The client application is normally built simultaneously with the server application. Once the server interfaces are defined, server-side development can proceed in isolation. Client developers usually use “fake servers,” which implement the remote interface in trivial ways and run in the client process when developing the client application. This allows server developers a little more freedom to design and develop their part of the application; it avoids forcing them to commit to a total architecture early in the development cycle.
Another reason why clients and servers are often built simultaneously is that the skills required to build them are fairly distinct. Developers building the client application have to know how to build a good user interface (e.g., have mastered a substantial portion of the Swing toolkit) and don’t really need to read anything in this book past this chapter. People building servers can make do with far less knowledge of the user interface components, but should definitely read the entire book.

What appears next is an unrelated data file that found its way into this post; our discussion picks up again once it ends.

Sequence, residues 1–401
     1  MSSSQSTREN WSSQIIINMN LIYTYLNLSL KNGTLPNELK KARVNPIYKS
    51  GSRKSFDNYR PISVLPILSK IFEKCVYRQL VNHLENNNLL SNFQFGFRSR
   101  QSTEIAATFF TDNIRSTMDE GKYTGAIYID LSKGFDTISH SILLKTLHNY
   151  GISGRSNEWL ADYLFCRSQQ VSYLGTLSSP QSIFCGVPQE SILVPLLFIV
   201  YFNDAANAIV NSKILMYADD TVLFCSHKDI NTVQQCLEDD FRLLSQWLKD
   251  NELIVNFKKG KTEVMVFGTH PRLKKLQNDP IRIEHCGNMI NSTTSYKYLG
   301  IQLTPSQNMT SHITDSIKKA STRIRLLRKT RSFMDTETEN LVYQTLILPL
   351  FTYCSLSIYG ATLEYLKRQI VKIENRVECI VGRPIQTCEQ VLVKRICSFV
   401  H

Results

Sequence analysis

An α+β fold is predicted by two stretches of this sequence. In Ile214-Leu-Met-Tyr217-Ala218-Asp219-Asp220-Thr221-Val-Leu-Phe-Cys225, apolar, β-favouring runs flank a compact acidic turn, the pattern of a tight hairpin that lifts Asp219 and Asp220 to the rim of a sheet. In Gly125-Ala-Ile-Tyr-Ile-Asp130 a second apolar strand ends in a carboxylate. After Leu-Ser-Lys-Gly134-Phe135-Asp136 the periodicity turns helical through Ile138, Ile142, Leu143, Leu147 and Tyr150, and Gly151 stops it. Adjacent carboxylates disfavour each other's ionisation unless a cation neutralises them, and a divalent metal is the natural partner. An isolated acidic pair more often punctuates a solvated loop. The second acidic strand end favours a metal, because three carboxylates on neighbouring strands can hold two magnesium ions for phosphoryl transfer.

In order for this to work, however, client-side developers must take care to heed one simple rule of thumb:
Consume as few server resources as possible, for as short a time as is reasonable.
This rule of thumb has two main consequences: don’t hold connections to a server you’re not using, and validate arguments on the client-side whenever reasonable.
The client has to connect ...